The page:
(Note: As this is an old post, several of the external links are no longer operative or point the same content they did in 2005)
Recently I happened upon a web reference to The Coolest Retard, a music fanzine produced and published in Chicago, in the early 1980s. Out of curiosity I spent the next hour or so googling for more about the magazine and the publisher.
There are quite a few collectors out there with fond memories of the heyday of the Retard. I definitely remember some issues, and even managed to find some recognizable cover photos.
One of the more interesting references I found was a personal testimonial by a photo contributor to the magazine, who offered a good historical reminder of how much more of a challenge it was to self-publish back before the days of blogs and the "digital lifestyle."
Perhaps the greatest innovation of the punk and immediate post-punk era was self-publishing. Independent record labels blossomed almost overnight, circumventing the control of the major companies. Simultaneously, homemade fanzines began to appear in record stores and other alternative outlets. Anyone with something to say and willing to do a little work could now reach an audience.
Today we take self publishing for granted. Anyone with basic computer skills can produce a newsletter and run off hundreds of copies. But until about 1980, it wasn't so simple. Guy Lawley [in R. Sabin (editor), 1999, Punk Rock: So What? The Cultural Legacy of Punk, Routledge, London] summed up the crucial event which made self publishing realistic:
"One other factor probably fueled the small press boom more than punk: the photocopier, increasingly available in offices, libraries, and high street shops after 1980. Paying a printer to produce a comic or zine usually meant printing hundreds of copies which weren't going to sell, as printers would only take on larger print runs. Photocopiers meant you could print as few as you needed, then give them away or sell a limited print run to break even or make a modest profit."
The Coolest Retard was produced on typewriters by the individual authors. Early personal computers were available but still expensive and mostly limited to larger offices, and they were hobbled by limited memory and crude software. So we did it the old fashioned way. The articles and photos were then delivered to Craig, who spread them out on the floor of his Bissell Street apartment, cut them to size with a pair of scissors, and glued it all together. The completed originals then were taken to the recently opened Kinko's on Lincoln Avenue. By the time I joined the staff they were working on issue #16, and had a circulation of about 1200 copies. Most of those sold through Wax Trax Records, just a few doors down from Kinko's, and a few other alternative record shops in Chicago. A few hundred were shipped off to be distributed in New York, London, and Liverpool. The cover price was 81 cents.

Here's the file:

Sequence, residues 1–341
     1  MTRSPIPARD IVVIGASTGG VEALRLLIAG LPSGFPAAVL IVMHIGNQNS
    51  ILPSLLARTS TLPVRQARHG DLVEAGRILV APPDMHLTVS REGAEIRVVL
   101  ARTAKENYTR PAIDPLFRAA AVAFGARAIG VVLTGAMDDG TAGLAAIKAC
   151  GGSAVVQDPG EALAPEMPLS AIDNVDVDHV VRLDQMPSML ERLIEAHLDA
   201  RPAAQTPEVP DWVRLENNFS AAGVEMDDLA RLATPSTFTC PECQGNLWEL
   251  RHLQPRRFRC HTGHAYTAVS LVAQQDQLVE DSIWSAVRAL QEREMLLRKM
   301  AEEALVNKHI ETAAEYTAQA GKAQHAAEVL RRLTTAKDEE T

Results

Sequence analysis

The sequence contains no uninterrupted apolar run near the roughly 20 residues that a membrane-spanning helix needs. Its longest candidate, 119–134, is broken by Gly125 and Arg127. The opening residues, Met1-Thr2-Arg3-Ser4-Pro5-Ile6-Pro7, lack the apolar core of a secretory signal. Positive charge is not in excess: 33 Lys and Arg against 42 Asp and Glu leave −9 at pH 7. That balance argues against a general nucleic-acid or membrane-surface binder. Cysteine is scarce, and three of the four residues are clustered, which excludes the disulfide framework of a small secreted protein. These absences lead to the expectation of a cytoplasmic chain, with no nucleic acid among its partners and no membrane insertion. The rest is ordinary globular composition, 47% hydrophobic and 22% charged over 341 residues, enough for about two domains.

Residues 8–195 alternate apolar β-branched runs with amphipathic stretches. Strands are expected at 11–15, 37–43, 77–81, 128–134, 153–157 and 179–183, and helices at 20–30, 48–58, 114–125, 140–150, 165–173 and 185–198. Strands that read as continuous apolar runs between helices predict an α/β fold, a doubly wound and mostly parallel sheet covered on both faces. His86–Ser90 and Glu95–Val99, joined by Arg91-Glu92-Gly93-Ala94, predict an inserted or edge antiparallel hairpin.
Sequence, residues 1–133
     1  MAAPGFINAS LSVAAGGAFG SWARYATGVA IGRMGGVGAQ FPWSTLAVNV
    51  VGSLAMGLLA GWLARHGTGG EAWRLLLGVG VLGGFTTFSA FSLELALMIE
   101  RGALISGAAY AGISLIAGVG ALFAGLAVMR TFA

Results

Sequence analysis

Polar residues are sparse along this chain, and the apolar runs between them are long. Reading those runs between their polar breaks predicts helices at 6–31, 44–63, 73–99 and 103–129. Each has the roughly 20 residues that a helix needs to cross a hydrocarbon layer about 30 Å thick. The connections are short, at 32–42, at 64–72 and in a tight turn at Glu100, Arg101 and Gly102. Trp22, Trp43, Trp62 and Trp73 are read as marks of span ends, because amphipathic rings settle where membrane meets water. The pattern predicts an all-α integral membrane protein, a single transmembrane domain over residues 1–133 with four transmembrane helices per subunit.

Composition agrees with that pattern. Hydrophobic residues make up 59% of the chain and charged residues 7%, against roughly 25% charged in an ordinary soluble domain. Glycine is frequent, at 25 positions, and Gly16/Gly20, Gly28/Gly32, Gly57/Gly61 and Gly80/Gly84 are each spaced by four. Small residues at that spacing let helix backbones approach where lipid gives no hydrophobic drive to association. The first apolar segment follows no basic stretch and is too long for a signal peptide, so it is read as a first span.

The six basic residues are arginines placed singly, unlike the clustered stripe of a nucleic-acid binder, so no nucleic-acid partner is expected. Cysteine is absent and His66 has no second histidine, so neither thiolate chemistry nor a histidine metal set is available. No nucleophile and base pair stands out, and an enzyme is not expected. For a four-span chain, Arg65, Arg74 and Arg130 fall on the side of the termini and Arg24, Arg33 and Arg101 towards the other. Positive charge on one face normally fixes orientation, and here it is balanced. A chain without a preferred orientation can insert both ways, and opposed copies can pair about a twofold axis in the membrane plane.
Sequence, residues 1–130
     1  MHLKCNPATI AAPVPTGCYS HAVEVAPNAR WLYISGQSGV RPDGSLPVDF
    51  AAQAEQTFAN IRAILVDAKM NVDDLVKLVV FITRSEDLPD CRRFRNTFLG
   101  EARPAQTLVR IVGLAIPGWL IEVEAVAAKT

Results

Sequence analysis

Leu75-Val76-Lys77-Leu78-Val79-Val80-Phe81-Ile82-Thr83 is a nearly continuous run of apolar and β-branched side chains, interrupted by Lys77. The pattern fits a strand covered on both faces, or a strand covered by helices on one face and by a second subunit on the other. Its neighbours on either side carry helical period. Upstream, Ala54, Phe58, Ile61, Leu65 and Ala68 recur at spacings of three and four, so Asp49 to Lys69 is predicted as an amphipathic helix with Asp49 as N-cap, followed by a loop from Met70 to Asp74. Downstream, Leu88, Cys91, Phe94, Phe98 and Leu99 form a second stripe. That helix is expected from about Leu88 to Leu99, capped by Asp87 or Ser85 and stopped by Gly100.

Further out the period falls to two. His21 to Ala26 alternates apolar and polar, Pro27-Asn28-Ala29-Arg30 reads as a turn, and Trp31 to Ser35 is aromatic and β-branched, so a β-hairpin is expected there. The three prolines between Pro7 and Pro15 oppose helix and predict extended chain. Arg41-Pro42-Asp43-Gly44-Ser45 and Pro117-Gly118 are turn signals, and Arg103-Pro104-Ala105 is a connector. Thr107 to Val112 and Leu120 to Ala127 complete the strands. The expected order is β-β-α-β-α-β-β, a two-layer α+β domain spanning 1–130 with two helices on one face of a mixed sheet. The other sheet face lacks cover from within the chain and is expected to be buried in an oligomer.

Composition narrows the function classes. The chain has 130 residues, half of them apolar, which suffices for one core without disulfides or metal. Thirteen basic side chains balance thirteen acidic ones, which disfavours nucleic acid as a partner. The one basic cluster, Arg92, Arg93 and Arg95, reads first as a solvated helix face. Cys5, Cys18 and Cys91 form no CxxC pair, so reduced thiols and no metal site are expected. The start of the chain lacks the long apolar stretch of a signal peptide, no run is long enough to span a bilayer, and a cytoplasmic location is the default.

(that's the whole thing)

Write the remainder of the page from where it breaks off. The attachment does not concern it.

I wasn't a voracious reader of the mag, but I'd known the publisher, Craig R. Schmidt (pictured at top), since the sixth grade. I can testify somewhat to the energy it took to produce such a magazine, especially when it was all done after the "day job." In Craig's case that day job was in the executive suite of Chicago's famed Marshall Field's department store. It often amazed me how in the hell he found the time to publish the magazine, in addition to the hours he spent working, going to concerts and clubs and just plain listening to all the music he collected -- the man lived in an apartment you could hardly walk in due to the seemingly endless racks of vinyl records. As for the part of using copiers at Kinkos, well, maybe eventually he did, but I can still remember him being one of the first persons I knew who had access to a color copier at work, and how he'd have to wait for the honchos to leave the office so he could get busy creating artwork and publishing.
(As an aside, I find it humorous that color copiers have been around now for over 20 years and that Xerox is still having to push them so hard as the lynch-pin solution to being a business success)
Anyway, a fun trip, for the most part, down memory lane. I've long lost touch with Craig. As fate would have it, we found ourselves as two points in a Jules and Jim style love triangle. Those things don't usually have happy endings for any of the parties involved. Still, I was curious as to what he was up to these days. I'd heard rumors he now lives in New York, but, until the other day, I had given up trying to google anyone named "Schmidt" in New York. I was amazed when I found the picture.
Somewhere along the search path, while reading about the magazine, someone speculated that Craig had gone on to be a "major music writer" in Chicago, but, no, he's in New York, and a Retail Analyst for Merrill Lynch.